• In another embodiment, another resource management system is disclosed, where the system is usable in distributed computing environments wherein computing resources are allocated among a plurality of applications that would consume those computing resources and are allocated portions of those computing resources. The resource management system according to this embodiment may include a monitor operable to receive client requests directed to an application, a profiler operable to compute a workload signature for a workload of a clone of the application that results from the clone serving the client requests, a classifier operable to classify the workload signature using previously defined workload classes, and a resource allocator operable to cause a number of resources to be allocated to the application defined by a resource allocation associated with a workload class that matches the workload signature.
  • In one embodiment, a method of modeling an application is also disclosed. The method includes receiving client requests, serving the client requests using an application, computing workload signatures for the application, generating at least one workload class based on the workload signatures, and determining resource allocations for each workload class.
  • In another embodiment, a method of allocating resources to an application is disclosed. The method includes receiving a client request, serving the client request using the application, computing a workload signature for the application, comparing the workload signature to at least one workload class associated with the application, and causing resources to be allocated to the application based on the comparison.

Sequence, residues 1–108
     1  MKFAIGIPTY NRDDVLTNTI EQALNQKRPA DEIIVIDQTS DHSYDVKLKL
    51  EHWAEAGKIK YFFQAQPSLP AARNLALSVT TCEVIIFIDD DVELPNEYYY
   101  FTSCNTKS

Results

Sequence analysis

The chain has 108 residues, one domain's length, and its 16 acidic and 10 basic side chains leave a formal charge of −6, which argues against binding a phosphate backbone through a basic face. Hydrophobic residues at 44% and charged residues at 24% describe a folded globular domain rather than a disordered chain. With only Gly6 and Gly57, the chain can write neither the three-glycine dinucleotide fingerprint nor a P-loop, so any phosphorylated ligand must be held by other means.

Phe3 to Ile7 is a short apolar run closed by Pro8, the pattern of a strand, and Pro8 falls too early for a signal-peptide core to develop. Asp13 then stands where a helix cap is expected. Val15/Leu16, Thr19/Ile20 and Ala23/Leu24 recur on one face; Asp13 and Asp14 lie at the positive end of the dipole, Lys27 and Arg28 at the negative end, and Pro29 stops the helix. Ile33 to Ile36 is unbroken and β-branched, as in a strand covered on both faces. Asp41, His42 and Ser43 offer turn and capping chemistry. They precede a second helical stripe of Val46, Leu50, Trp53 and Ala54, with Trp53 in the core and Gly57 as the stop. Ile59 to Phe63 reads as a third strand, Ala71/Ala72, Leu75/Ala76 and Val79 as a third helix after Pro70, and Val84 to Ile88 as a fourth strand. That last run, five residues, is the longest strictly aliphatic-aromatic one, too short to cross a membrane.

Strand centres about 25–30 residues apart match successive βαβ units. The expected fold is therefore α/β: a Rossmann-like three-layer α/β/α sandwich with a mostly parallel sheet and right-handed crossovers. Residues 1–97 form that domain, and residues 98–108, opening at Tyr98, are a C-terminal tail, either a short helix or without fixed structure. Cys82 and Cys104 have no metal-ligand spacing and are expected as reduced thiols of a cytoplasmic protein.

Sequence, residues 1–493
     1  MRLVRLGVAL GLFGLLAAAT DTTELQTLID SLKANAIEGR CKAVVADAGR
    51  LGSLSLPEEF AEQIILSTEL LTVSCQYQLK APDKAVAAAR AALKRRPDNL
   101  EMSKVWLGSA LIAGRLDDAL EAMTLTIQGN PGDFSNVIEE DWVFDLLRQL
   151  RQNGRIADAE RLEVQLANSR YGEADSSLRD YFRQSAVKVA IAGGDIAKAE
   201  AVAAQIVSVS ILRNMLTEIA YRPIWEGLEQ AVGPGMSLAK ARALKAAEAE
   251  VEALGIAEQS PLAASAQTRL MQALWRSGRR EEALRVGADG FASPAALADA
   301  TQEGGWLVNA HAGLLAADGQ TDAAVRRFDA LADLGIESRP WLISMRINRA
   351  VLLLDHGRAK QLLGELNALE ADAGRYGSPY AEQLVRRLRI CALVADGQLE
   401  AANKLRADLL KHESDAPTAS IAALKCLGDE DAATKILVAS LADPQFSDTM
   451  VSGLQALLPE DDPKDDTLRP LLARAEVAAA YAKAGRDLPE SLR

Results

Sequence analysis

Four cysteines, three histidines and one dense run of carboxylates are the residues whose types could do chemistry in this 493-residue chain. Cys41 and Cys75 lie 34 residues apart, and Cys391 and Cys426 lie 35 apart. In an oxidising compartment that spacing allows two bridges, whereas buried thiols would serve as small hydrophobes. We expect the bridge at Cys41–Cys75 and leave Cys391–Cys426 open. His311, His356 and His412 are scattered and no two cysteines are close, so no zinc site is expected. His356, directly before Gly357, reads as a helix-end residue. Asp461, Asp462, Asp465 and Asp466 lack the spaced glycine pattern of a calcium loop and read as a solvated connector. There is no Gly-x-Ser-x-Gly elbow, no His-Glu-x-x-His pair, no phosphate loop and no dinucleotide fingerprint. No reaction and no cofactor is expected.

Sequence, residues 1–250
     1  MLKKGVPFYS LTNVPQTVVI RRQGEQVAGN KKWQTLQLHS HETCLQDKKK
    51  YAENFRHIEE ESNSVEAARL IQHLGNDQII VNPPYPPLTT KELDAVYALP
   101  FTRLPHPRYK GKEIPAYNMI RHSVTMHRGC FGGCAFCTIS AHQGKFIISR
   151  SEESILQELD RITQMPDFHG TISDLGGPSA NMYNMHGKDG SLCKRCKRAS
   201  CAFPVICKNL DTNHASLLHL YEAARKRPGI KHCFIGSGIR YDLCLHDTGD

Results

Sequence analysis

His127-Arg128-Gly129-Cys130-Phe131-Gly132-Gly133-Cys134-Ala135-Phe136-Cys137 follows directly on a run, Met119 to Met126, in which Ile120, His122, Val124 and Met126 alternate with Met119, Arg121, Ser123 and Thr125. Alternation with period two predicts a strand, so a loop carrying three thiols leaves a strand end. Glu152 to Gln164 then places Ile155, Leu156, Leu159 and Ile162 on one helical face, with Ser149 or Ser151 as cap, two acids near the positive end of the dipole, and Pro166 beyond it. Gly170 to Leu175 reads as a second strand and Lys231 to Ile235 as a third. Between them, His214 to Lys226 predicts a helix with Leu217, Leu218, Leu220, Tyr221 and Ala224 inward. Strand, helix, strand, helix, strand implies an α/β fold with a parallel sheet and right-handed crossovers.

• For a more complete understanding of the nature and advantages of embodiments of the present invention, reference should be made to the ensuing detailed description and accompanying drawings. Other aspects, objects and advantages of the invention will be apparent from the drawings and detailed description that follows. However, the scope of the invention will be fully apparent from the recitations of the claims.
  • BRIEF DESCRIPTION OF THE DRAWINGS
  • FIG. 1 shows a resource management system and a way it may be integrated with the computing systems of a cloud provider in accordance with an embodiment.
  • FIG. 2 shows elements of a resource management system according to an embodiment.
  • FIG. 3 illustrates operations of the resource management system according to various embodiments.
  • FIG. 4 illustrates a method of profiling a multi-tier service according to one embodiment.